Husky Liners, Inc.

This Opinion is Not a
Precedent of the TTAB

Mailed: August 2, 2019

UNITED STATES PATENT AND TRADEMARK OFFICE
_____

Trademark Trial and Appeal Board
_____

In re Husky Liners, Inc.
_____

Serial No. 87593354
_____

Steven D. Lustig and William H. Honaker of Dickinson Wright PLLC,
for Husky Liners, Inc.

Caroline L. Moran, Trademark Examining Attorney, Law Office 125,
Heather Biddulph, Managing Attorney.

_____

Before Taylor, Goodman and English,
Administrative Trademark Judges.

Opinion by Taylor, Administrative Trademark Judge:

Husky Liners, Inc. (“Applicant”) seeks registration on the Principal Register of the

mark HUSKY (in standard characters) for the following goods, as amended:

Vehicle parts and accessories, namely, exterior body panel
add-ons; vehicle hood protectors; vehicle window shades;
vehicle cargo nets; vehicle seat protectors and covers;
vehicle seat organizers and storage containers; leather
performance seats for vehicles; fitted floor mats and liners
for the cargo area of vehicles; fitted cargo and trunk liners
for the cargo area of vehicles; fitted dashboard covers and
kits comprised of fitted dashboard covers and conceal
covers in the nature of fitted covers for vehicles; sun visors
for vehicles; fitted car covers; wind deflectors for vehicles;
Serial No. 87593354

fender flares and trim; license plate frames; wheel well
guards for vehicles; mud guards and mud flaps for vehicles;
grill guards and bull bars for vehicles; tonneau covers in
the nature of fitted pickup truck bed covers; fitted pickup
truck bed liners; storage systems for pickup truck beds,
namely, storage boxes and containers especially adapted to
fit and attach to vehicles; pickup truck bed caps; fitted
pickup truck bed mats; fitted pickup truck tailgate mats;
truck bed rail protectors in the nature of rail caps; truck
bed tailgates in the nature of retractable tailgate benches;
vehicle camera mounts; caps for pickup truck bed rails and
tailgates; pickup truck bed caps; step systems for vehicles,
namely, steps for attachment to vehicles, step rails for
attachment to vehicles; vehicle bumpers; vehicle skid
plates; pre-runners for vehicles, namely, off-road and on-
road bumpers; rear-runners for vehicles, namely, rear off-
road and on road bumpers; roof mounts for vehicle lighting
apparatus; after-market automotive accessories, namely,
metal decorative trim for vehicle interiors, dashboards and
exterior body molding, and vehicle grills; exterior insignia
badges for vehicles; decorative decals for vehicles windows;
fitted floor liners for vehicles in International Class 12;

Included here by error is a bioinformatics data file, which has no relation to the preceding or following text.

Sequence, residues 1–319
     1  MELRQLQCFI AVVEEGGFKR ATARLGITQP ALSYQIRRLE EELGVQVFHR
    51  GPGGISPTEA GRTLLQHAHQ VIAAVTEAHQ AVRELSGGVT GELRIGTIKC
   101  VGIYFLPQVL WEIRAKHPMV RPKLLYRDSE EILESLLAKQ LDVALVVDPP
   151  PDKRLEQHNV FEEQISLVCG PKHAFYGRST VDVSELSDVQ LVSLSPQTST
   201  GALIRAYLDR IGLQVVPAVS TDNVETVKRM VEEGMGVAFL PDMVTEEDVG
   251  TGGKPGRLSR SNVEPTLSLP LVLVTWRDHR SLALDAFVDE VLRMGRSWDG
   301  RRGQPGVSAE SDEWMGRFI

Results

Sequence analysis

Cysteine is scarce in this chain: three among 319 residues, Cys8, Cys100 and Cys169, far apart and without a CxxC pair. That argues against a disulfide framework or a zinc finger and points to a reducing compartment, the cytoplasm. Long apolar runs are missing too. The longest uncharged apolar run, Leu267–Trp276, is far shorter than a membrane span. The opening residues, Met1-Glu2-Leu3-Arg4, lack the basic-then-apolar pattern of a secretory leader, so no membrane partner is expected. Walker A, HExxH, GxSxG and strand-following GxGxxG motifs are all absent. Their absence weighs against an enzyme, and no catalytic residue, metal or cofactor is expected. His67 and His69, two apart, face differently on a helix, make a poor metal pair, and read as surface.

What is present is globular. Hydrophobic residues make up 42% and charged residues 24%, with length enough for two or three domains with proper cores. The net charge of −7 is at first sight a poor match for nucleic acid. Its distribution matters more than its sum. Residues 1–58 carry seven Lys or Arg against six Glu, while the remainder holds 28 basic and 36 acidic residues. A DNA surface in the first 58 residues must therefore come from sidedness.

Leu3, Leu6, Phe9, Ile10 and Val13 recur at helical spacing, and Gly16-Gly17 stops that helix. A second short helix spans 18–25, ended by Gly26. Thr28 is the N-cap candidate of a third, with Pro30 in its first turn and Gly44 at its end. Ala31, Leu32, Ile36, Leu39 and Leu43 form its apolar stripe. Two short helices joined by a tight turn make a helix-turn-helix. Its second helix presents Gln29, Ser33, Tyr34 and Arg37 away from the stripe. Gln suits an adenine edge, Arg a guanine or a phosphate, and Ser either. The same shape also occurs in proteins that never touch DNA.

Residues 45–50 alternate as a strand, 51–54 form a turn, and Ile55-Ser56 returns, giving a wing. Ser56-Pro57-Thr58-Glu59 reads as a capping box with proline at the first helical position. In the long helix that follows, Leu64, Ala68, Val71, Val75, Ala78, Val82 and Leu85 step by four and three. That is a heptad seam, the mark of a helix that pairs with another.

Tinted plastic film for use on windows in International
Class 17;

Protective unfitted and semi-fitted liners for the cargo area
of vehicles; semi-fitted and unfitted car covers; semi-fitted
and unfitted pickup truck bed liners; semi-fitted and
unfitted floor liners for vehicles; semi-fitted and unfitted
pickup truck bed mats; semi-fitted and unfitted pickup
truck tailgate mats; semi-fitted and unfitted floor liners for
vehicles in International Class 22; and

Fitted, semi-fitted and unfitted floor mats for vehicles in
International Class 27.1

1 Application Serial No. 87593354 was filed on September 1, 2017, based upon Applicant’s
allegation of a bona fide intention to use the mark in commerce on the goods identified in all
of the classes under Section 1(b) of the Trademark Act, 15 U.S.C. §1051(b). Applicant also
claims ownership of the following registrations: Registration No. 2417424 for the typed mark
HUSKY for “floor mats for vehicles”; Registration No. 1666635 for the typed mark HUSKY
LINERS (LINERS disclaimed) for “vehicle accessories; namely, fitted cargo area liners”; and
Registration No. 3402422 for the standard character mark HUSKYSHIELD for “automobile
aftermarket product, namely, protective urethane film covering for automobile exteriors.”

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Serial No. 87593354

The Trademark Examining Attorney has refused registration of Applicant’s mark

under Section 2(d) of the Trademark Act, 15 U.S.C. § 1052(d), on the ground that

there is a likelihood of confusion with the marks in the following three registrations,

all owned by the same registrant:

Registration No. 1474896 for the mark HUSKY (in typed
format2) for “Trailer hitches” in International Class 12;

Registration No. 4556826 for the mark HUSKY (in
standard characters) for “Hitch-receiver-mounted cargo
trays; Hitch-receiver-mounted bicycle carriers; Hitch-
mount racks for vehicles for bikes, scooters, motorbikes and
motorcycles” in International Class 12;3 and

Registration No. 4377668 for the mark HUSKY TOWING